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  • Animals  (46)
  • Analytical Chemistry and Spectroscopy
  • 2015-2019  (46)
  • 1
    Publication Date: 2016-01-19
    Description: Many procedures in modern clinical medicine rely on the use of electronic implants in treating conditions that range from acute coronary events to traumatic injury. However, standard permanent electronic hardware acts as a nidus for infection: bacteria form biofilms along percutaneous wires, or seed haematogenously, with the potential to migrate within the body and to provoke immune-mediated pathological tissue reactions. The associated surgical retrieval procedures, meanwhile, subject patients to the distress associated with re-operation and expose them to additional complications. Here, we report materials, device architectures, integration strategies, and in vivo demonstrations in rats of implantable, multifunctional silicon sensors for the brain, for which all of the constituent materials naturally resorb via hydrolysis and/or metabolic action, eliminating the need for extraction. Continuous monitoring of intracranial pressure and temperature illustrates functionality essential to the treatment of traumatic brain injury; the measurement performance of our resorbable devices compares favourably with that of non-resorbable clinical standards. In our experiments, insulated percutaneous wires connect to an externally mounted, miniaturized wireless potentiostat for data transmission. In a separate set-up, we connect a sensor to an implanted (but only partially resorbable) data-communication system, proving the principle that there is no need for any percutaneous wiring. The devices can be adapted to sense fluid flow, motion, pH or thermal characteristics, in formats that are compatible with the body's abdomen and extremities, as well as the deep brain, suggesting that the sensors might meet many needs in clinical medicine.〈br /〉〈span class="detail_caption"〉Notes: 〈/span〉Kang, Seung-Kyun -- Murphy, Rory K J -- Hwang, Suk-Won -- Lee, Seung Min -- Harburg, Daniel V -- Krueger, Neil A -- Shin, Jiho -- Gamble, Paul -- Cheng, Huanyu -- Yu, Sooyoun -- Liu, Zhuangjian -- McCall, Jordan G -- Stephen, Manu -- Ying, Hanze -- Kim, Jeonghyun -- Park, Gayoung -- Webb, R Chad -- Lee, Chi Hwan -- Chung, Sangjin -- Wie, Dae Seung -- Gujar, Amit D -- Vemulapalli, Bharat -- Kim, Albert H -- Lee, Kyung-Mi -- Cheng, Jianjun -- Huang, Younggang -- Lee, Sang Hoon -- Braun, Paul V -- Ray, Wilson Z -- Rogers, John A -- F31MH101956/MH/NIMH NIH HHS/ -- Howard Hughes Medical Institute/ -- England -- Nature. 2016 Feb 4;530(7588):71-6. doi: 10.1038/nature16492. Epub 2016 Jan 18.〈br /〉〈span class="detail_caption"〉Author address: 〈/span〉Department of Materials Science and Engineering, University of Illinois at Urbana-Champaign, Urbana, Illinois 61801, USA. ; Frederick Seitz Materials Research Laboratory, University of Illinois at Urbana-Champaign, Urbana, Illinois 61801, USA. ; Department of Neurological Surgery, Washington University School of Medicine, St Louis, Missouri 63110, USA. ; KU-KIST Graduate School of Converging Science and Technology, Korea University, Seoul 136-701, Republic of Korea. ; Department of Chemical and Biomolecular Engineering, University of Illinois at Urbana-Champaign, Urbana, Illinois 61801, USA. ; Department of Engineering Science and Mechanics, Materials Research Institute, The Pennsylvania State University, University Park, Pennsylvania 16802, USA. ; Institute of High Performance Computing, Singapore 138632, Singapore. ; Department of Anesthesiology, Washington University School of Medicine, St Louis, Missouri 63110, USA. ; Department of Biomicrosystem Technology, Korea University, Seoul 136-701, South Korea. ; Department of Biochemistry and Molecular Biology, Korea University College of Medicine, Seoul 136-713, South Korea. ; Weldon School of Biomedical Engineering, School of Mechanical Engineering, The Center for Implantable Devices, Birck Nanotechnology Center, Purdue University, West Lafayette, Indiana 47907, USA. ; School of Mechanical Engineering, Purdue University, West Lafayette, Indiana 47907, USA. ; Department of Mechanical Engineering, Civil and Environmental Engineering, Materials Science and Engineering, and Skin Disease Research Center, Northwestern University, Evanston, Illinois 60208, USA. ; Department of Biomedical Engineering, College of Health Science, Korea University, Seoul 136-703, South Korea. ; Beckman Institute for Advanced Science and Technology, University of Illinois at Urbana-Champaign, Urbana, Illinois 61801, USA.〈br /〉〈span class="detail_caption"〉Record origin:〈/span〉 〈a href="http://www.ncbi.nlm.nih.gov/pubmed/26779949" target="_blank"〉PubMed〈/a〉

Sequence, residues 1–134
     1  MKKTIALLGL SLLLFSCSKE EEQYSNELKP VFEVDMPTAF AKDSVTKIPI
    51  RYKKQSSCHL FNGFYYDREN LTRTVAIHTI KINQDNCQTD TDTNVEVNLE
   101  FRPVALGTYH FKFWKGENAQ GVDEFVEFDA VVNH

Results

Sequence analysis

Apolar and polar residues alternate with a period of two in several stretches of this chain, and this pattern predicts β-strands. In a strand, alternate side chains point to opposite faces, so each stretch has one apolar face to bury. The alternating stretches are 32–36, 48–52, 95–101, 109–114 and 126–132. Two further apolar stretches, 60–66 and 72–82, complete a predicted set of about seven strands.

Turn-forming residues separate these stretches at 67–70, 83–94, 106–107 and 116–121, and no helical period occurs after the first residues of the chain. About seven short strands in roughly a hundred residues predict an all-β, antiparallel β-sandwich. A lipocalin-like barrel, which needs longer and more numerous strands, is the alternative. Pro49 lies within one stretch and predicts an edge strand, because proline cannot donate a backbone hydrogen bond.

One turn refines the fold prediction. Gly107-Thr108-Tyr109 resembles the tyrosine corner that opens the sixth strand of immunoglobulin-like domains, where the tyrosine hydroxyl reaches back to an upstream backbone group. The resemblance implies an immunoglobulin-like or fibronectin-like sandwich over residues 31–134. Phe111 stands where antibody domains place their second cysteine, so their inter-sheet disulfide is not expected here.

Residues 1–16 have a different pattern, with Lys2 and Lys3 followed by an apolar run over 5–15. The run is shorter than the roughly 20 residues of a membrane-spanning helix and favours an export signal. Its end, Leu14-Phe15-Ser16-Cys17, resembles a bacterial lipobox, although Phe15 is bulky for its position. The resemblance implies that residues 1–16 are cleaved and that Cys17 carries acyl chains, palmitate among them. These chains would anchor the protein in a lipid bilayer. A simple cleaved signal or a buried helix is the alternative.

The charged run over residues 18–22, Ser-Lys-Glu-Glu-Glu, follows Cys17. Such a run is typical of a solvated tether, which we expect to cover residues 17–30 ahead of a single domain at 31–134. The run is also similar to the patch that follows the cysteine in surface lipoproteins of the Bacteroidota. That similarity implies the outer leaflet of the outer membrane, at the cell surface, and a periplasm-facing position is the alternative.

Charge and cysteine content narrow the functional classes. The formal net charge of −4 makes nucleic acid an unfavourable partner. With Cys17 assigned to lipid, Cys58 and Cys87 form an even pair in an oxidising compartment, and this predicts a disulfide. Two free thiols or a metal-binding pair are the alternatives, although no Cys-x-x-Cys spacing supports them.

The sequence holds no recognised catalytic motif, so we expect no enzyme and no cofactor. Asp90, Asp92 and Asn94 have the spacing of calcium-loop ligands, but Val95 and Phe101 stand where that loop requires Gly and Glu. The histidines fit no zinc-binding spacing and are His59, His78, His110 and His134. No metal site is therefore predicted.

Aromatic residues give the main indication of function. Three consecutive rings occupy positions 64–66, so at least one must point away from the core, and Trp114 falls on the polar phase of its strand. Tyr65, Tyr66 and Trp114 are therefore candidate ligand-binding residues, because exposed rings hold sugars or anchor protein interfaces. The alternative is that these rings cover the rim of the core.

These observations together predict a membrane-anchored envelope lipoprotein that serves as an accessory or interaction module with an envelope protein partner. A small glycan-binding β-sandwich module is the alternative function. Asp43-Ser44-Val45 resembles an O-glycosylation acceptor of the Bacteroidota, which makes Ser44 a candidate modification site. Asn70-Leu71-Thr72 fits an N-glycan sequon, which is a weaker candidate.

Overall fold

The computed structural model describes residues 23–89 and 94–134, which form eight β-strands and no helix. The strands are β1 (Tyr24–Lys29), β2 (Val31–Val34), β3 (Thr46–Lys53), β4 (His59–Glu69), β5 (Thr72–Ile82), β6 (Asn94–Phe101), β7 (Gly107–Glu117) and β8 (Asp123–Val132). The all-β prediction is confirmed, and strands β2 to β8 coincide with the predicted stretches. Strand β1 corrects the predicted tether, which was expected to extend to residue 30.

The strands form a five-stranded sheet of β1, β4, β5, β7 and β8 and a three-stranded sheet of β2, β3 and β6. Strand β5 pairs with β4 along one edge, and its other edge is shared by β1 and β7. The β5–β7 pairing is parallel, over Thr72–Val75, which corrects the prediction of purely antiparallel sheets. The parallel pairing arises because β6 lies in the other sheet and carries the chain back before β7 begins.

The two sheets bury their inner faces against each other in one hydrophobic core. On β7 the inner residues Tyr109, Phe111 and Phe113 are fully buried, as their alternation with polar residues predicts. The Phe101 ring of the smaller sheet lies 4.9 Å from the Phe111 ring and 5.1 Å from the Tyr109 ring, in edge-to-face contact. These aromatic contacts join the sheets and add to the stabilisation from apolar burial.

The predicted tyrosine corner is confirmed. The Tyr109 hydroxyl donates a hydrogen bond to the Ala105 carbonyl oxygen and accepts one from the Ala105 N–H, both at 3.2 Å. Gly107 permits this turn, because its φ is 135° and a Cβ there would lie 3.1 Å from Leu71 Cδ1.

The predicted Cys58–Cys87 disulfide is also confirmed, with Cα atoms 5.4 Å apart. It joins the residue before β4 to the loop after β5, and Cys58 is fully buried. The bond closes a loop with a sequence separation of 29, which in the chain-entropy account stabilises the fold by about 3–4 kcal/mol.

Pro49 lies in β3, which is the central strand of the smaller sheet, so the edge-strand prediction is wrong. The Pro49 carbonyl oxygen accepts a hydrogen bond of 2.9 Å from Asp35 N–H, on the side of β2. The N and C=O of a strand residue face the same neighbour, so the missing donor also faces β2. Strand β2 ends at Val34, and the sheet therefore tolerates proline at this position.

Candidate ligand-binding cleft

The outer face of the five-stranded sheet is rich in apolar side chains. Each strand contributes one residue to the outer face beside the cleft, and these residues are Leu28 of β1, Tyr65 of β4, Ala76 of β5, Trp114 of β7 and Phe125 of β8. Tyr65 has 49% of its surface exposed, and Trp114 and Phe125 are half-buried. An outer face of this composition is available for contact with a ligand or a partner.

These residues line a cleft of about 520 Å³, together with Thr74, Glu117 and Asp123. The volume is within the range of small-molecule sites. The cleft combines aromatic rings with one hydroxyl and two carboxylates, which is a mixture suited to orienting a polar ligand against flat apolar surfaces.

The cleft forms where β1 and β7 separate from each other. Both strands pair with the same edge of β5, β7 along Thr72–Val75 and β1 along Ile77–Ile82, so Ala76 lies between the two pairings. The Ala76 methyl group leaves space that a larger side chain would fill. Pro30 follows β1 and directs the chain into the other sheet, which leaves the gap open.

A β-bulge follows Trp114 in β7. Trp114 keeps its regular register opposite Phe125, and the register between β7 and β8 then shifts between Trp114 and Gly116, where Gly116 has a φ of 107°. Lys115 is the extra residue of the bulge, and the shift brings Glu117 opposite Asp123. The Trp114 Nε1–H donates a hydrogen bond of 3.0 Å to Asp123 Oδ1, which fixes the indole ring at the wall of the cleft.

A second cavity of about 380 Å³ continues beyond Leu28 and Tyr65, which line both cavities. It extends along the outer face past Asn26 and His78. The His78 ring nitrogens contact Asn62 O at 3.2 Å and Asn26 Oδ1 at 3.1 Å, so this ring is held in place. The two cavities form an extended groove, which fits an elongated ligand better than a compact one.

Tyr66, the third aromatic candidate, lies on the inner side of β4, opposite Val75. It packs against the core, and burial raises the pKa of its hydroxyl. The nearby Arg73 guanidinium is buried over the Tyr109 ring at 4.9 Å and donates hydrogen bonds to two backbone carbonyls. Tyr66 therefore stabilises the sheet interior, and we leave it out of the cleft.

Keywords: *Absorbable Implants/adverse effects ; Administration, Cutaneous ; Animals ; Body Temperature ; Brain/*metabolism/surgery ; Electronics/*instrumentation ; Equipment Design ; Hydrolysis ; Male ; Monitoring, Physiologic/adverse effects/*instrumentation ; Organ Specificity ; Pressure ; *Prostheses and Implants/adverse effects ; Rats ; Rats, Inbred Lew ; *Silicon ; Telemetry/instrumentation ; Wireless Technology/instrumentation